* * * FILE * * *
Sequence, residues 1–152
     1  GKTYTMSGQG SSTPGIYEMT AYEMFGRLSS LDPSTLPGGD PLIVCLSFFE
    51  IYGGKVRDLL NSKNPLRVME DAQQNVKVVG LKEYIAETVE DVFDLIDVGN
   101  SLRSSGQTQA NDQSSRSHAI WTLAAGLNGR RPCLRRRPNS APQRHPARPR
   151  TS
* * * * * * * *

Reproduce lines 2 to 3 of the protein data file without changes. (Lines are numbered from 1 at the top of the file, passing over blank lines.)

     1  GKTYTMSGQG SSTPGIYEMT AYEMFGRLSS LDPSTLPGGD PLIVCLSFFE
    51  IYGGKVRDLL NSKNPLRVME DAQQNVKVVG LKEYIAETVE DVFDLIDVGN